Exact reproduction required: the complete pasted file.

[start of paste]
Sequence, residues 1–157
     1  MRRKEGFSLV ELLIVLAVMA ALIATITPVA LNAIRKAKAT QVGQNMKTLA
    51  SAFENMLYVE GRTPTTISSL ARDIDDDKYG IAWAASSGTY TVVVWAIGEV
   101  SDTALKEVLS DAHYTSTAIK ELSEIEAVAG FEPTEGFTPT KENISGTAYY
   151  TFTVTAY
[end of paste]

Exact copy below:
Sequence, residues 1–157
     1  MRRKEGFSLV ELLIVLAVMA ALIATITPVA LNAIRKAKAT QVGQNMKTLA
    51  SAFENMLYVE GRTPTTISSL ARDIDDDKYG IAWAASSGTY TVVVWAIGEV
   101  SDTALKEVLS DAHYTSTAIK ELSEIEAVAG FEPTEGFTPT KENISGTAYY
   151  TFTVTAY